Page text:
Seanad debates

Friday, 6 November 2020

Nithe i dtosach suíonna - Commencement Matters

Local Improvement Scheme

9:30 am

Photo of Mary ButlerMary Butler (Waterford, Fianna Fail) | Oireachtas source

I thank the Senator for raising this important scheme. We are all familiar with the scheme in our constituencies. I am responding to this matter on behalf of the Minister for Rural and Community Development, Deputy Heather Humphreys, as she is unable to attend.

As the Senator rightly said, the local improvement scheme is a programme for improvement works on small private or non-public roads in rural areas that are not under the normal maintenance of the local authorities. The scheme is funded by the Department of Rural and Community Development and is administered through the local authorities.

The statutory basis for the LIS is set out in section 81 of the Local Government Act 2001. Since the LIS was relaunched in its own right in 2017, which we all welcomed at the time, more than €58 million has been allocated to local authorities for improvements work on approximately 2,350 roads. The scheme is important to many people in rural areas as these roads provide access to agricultural lands, homes and amenities such as graveyards and beaches.

The Department of Rural and Community Development provides an allocation of funding each year to the local authorities for work on LIS roads. The selection of roads to be funded under the scheme is then a matter for each local authority based on the priority or condition of particular small private or non-public roads in their county. The local authority may rely on existing lists of eligible roads and-or advertise for new applicant roads.

As outlined in the legislation, eligible road projects are those that provide access to parcels of land involving two or more persons engaged in separate agricultural or harvesting activities, including turf or seaweed. Applicants should provide documentation to verify that they are engaged in agricultural or harvesting activities on the parcel of land. This can be a herd or flock number, documents from the Department of Agriculture, Food and the Marine or any other equivalent documentation. The onus is on the individual applicants to submit to their local authority the required documentation in support of their eligibility.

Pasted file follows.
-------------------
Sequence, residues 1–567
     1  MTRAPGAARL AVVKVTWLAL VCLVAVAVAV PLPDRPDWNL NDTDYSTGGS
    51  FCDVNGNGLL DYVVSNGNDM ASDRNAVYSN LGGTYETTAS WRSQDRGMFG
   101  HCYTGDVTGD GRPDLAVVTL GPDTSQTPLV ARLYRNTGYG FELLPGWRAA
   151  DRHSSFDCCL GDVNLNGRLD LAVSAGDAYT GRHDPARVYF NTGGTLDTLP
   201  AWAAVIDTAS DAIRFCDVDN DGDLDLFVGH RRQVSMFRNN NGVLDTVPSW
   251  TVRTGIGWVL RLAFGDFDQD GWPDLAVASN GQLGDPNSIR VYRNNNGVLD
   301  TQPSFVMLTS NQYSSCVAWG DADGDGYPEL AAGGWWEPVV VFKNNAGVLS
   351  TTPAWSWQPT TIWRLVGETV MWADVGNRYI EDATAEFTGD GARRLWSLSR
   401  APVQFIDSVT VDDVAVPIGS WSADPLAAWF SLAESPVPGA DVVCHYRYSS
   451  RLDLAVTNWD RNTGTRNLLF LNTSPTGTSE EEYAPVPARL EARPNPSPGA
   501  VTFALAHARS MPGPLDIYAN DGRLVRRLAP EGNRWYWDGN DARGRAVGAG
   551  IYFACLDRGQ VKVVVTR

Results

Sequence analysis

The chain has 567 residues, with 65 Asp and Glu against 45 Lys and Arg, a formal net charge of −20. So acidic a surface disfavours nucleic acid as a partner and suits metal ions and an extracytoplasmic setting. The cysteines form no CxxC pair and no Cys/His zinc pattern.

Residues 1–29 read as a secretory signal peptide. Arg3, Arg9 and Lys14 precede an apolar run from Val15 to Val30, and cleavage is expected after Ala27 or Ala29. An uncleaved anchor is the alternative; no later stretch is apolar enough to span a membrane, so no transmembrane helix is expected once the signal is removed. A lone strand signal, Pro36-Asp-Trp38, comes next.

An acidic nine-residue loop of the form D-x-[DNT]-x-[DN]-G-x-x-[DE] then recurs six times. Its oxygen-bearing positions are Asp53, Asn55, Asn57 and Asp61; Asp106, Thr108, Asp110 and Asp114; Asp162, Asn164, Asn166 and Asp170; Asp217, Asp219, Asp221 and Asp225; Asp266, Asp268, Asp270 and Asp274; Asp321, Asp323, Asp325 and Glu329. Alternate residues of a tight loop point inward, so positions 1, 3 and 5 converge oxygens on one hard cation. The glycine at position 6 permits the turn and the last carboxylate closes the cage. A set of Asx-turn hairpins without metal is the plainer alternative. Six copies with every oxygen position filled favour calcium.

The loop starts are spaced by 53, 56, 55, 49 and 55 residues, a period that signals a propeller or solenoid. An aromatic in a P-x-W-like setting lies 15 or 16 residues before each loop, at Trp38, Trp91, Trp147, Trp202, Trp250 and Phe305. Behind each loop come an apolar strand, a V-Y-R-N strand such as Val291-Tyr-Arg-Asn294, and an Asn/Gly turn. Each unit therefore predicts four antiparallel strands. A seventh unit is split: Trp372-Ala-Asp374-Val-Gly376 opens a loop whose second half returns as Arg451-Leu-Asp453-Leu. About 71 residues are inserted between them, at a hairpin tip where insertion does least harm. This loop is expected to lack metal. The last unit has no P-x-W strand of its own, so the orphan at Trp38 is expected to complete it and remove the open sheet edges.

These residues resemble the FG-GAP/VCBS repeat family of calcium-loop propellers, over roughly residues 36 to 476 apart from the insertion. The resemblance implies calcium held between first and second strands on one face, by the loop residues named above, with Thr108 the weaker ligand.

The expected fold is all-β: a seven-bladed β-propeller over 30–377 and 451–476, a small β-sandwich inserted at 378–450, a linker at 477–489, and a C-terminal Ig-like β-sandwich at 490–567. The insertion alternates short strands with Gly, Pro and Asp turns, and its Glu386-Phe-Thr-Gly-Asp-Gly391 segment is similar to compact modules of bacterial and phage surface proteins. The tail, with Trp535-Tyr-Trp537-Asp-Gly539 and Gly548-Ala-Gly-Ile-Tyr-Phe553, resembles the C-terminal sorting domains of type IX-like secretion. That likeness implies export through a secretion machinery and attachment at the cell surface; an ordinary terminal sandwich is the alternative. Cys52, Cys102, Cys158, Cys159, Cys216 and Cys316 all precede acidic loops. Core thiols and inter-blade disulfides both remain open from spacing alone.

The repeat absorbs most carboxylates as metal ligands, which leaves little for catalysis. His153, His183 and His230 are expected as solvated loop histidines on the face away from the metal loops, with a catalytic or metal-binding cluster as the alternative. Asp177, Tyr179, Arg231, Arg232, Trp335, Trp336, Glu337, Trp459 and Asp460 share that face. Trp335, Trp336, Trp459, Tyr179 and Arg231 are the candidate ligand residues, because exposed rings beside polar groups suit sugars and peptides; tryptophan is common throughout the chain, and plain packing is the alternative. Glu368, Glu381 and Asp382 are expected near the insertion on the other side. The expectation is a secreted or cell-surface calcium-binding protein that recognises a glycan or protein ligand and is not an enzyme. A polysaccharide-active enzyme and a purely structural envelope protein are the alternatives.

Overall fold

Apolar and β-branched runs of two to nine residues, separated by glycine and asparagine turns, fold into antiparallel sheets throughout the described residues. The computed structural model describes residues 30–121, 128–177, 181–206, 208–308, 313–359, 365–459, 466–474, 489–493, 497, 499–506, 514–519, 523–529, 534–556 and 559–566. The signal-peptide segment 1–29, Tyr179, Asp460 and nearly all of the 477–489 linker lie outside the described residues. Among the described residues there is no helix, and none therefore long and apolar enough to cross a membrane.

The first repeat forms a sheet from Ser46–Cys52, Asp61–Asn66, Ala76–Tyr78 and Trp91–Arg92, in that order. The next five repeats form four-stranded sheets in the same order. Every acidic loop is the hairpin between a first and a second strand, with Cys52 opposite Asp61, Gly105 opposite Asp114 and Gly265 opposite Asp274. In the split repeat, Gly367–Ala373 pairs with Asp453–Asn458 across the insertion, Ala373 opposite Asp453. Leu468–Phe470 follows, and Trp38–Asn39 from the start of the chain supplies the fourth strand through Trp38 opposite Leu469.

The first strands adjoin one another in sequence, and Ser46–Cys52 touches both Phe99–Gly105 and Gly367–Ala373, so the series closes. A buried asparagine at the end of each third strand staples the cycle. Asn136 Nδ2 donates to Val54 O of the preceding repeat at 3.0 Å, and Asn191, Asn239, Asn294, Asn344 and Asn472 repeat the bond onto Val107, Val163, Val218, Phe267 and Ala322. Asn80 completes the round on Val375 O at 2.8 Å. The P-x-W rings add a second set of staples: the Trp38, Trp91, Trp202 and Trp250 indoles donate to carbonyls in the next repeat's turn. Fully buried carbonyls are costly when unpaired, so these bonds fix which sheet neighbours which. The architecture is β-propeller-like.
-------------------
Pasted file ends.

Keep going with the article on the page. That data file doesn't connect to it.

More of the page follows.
As the Senator will be aware, individual applicants make a contribution towards the roads project. This can vary from 10% to 15% depending on how many beneficiaries are on the particular road. This contribution was capped at €1,200 for 2020 but the majority of beneficiary contributions were well below the figure. Works can also be carried out on amenity roads, which are non-public roads that lead to important community amenities such as graveyards, beaches, piers, mountain access points and other tourism or heritage sites.

To get to the nub of the Senator's question, an allocation of €10 million was made available for 2020 for the LIS. I understand that most works under the scheme have now been completed. The Minister expects a full drawdown of the 2020 allocation by year-end and that 345 roads will have had works completed.

Recognising the value of the scheme for people living in rural Ireland, the Minister is pleased to note that there will be an increase in the allocation for the LIS in budget 2021. Funding for the scheme next year will increase by 5% to €10.5 million. The distribution of this funding to each of the relevant local authorities will be announced early next year when the scheme is formally launched by my colleague.


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